Earlier this month, SK Hynix updated its product databook for the first quarter of 2017.
Since November, SK Hynix lists 3D-NAND V4 with 72 cell layers and 256 Gbit in its catalog. This memory type was originally planned for Q2 2017, and according to to the latest product catalog, this schedule has not changed. In addition, 512 Gbit type is planned but for a fourth quarter.
FLASH will have a priority over DRAM
Global demand for NAND flash sees a great potential growth for memory manufacturers. The demand is still higher than supply, which unfortunately affects the prices of all memory types on the market. For SK Hynix over 72% of total sales were generated by DRAM, whereas NAND Flash was only responsible for 25% of sales. This proportion will probably not change very soon for Hynix, as recently announced factory construction will not be finished till 2019.
High Bandwidth Memory 2
HBM2 memory has been in Hynix databook for quite some time. However what is hard to explain is the data (oh the irony) it shows. So let’s look at the last three quarters:
Q3 2016 SK Hynix Graphics databook: lists two 4-stack 4GB HBM2 models (2.0 GHz, 1.6 GHz) available Q3 2016.
Q4 2016 SK Hynix Graphics databook: lists one 4-stack 4GB HBM2 2.0 GHz memory type, availability to be determined.
Q1 2017 SK Hynix Graphics databook: lists one 4-stack 4GB HBM2 1.6 GHz, available in first quarter.
So as you can see even Hynix plans can change quite often. The current plan is to release 1.6 GHz HBM2 stack with 4GB memory, and since we already know Vega has two stacks, this gives us 8GB and 409,6 GB/s bandwidth. That’s obviously lower than Fiji, in fact, it’s even lower than Pascal GP102 (480 GB/s), so it’s unclear if AMD is really going to use Hynix memory, or like NVIDIA use Samsung instead.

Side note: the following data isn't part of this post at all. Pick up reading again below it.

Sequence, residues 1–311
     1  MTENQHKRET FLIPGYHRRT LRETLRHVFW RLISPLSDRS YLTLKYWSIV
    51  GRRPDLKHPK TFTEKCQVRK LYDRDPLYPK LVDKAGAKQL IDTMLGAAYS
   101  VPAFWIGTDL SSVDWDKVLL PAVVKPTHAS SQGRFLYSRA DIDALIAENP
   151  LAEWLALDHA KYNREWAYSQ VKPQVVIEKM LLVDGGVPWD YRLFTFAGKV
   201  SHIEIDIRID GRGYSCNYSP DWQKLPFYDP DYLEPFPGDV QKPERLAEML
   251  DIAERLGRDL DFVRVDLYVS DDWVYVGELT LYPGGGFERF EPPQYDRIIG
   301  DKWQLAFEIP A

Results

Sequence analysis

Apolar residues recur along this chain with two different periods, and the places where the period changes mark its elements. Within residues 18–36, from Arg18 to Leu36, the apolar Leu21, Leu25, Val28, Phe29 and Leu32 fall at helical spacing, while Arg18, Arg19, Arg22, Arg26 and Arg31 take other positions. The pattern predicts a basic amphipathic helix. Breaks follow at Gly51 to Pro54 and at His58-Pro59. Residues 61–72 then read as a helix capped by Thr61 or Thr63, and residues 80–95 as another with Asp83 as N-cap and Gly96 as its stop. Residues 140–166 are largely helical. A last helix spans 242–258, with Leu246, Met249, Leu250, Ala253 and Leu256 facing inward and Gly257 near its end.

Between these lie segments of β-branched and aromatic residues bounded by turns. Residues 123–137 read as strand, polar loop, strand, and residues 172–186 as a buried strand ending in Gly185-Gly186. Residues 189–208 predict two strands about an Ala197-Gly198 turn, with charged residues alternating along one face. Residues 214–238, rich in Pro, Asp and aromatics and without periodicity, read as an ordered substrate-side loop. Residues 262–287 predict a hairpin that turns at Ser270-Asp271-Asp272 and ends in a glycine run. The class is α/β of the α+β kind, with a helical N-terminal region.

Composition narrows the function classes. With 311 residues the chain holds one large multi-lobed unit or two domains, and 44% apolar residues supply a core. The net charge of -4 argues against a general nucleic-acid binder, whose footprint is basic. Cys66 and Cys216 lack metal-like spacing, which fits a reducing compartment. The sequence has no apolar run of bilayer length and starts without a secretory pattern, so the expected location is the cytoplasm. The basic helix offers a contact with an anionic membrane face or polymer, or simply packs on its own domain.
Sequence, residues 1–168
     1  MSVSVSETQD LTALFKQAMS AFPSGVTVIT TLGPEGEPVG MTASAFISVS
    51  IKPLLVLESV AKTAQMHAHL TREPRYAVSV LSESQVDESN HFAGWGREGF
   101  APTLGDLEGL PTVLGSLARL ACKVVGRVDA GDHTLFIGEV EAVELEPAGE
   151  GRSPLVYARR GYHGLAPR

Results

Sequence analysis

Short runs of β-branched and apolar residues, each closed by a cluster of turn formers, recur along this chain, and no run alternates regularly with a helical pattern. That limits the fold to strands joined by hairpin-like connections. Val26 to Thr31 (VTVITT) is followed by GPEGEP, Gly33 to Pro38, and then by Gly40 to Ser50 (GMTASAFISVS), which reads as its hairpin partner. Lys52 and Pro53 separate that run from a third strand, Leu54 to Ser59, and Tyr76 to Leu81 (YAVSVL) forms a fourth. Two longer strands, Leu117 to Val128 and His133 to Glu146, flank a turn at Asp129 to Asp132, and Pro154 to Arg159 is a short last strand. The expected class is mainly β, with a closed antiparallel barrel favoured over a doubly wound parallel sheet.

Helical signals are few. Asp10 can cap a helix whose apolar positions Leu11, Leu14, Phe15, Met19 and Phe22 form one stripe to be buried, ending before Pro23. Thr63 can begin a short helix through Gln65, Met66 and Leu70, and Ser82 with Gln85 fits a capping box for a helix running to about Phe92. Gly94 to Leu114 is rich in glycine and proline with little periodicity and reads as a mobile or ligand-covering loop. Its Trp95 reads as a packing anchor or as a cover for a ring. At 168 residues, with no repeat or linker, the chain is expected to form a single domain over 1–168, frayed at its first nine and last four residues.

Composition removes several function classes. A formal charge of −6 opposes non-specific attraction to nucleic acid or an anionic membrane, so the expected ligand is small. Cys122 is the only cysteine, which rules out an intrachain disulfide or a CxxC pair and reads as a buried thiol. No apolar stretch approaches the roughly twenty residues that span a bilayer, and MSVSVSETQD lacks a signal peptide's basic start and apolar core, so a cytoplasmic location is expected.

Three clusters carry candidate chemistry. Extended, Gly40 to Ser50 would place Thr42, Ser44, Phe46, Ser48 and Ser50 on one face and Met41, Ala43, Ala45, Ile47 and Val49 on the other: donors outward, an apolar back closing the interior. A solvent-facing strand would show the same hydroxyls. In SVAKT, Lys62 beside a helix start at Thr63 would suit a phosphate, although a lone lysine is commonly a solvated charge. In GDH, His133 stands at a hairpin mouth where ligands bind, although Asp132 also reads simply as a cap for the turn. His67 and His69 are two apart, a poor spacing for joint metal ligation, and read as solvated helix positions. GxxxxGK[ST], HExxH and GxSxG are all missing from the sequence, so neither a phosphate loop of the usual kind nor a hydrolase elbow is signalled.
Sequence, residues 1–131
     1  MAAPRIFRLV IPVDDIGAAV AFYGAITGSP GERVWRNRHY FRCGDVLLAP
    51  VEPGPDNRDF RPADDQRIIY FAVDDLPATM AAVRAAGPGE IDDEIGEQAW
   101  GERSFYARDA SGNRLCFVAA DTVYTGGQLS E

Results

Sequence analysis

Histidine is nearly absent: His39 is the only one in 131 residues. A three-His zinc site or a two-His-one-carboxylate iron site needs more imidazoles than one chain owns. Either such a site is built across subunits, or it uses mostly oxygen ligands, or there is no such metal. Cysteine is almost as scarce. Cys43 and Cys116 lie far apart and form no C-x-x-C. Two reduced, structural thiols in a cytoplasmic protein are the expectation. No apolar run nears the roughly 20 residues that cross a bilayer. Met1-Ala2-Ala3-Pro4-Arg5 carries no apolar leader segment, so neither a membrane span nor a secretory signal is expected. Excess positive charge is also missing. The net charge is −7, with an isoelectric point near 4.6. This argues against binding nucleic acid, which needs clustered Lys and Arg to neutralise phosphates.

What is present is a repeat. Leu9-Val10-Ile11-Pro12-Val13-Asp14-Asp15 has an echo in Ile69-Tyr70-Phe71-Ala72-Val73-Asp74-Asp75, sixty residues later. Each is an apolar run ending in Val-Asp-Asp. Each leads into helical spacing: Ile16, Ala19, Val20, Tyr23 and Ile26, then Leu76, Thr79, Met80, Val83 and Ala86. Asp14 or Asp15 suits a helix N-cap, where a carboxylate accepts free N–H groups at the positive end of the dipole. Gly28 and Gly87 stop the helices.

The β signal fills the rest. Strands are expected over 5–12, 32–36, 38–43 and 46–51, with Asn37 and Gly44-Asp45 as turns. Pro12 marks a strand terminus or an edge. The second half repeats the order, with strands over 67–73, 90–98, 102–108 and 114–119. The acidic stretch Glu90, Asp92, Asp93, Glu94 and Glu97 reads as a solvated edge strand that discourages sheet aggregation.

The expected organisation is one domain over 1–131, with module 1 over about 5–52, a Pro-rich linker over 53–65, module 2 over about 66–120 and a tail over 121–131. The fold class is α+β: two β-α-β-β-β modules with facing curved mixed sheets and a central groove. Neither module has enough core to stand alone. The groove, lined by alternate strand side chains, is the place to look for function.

In the end, it will depend on one thing: how many modules can Vega really have. The chip showcased earlier this month by AMD only had two modules, but nothing should stop AMD from making a 4-module chip, even if it was for professional market only. The only difference would be a bigger interposer.
However, it seems unlikely that Vega would have 8-stack modules, as it was already discovered that the chip showcased by AMD had 8GB ‘memory cache’. If that chip was running 8-stack HBM2, it would be shown as 16GB instead. In fact, even Hynix databook has no information about such modules, so unless Micron or Samsung suddenly announce 8-Hi HBM2 availability, the educated guess for Vega would be 8GB HBM2 1.6 GHz with 410 GB/s bandwidth in total.
What’s also interesting is the lack of GDDR5X in Hynix portfolio. NVIDIA Pascal GPUs are already available with GDDR5X, which are manufactured by Micron. However, it seems unclear whether AMD is also interested in using GDDR5X from Micron for its new Radeon 500 series.
Well, I guess it would be an interesting marketing buzzword if AMD was to refresh Polaris for mid-range 500 series with GDDR5X, otherwise I see no point since Polaris is not really bottlenecked by memory bandwidth.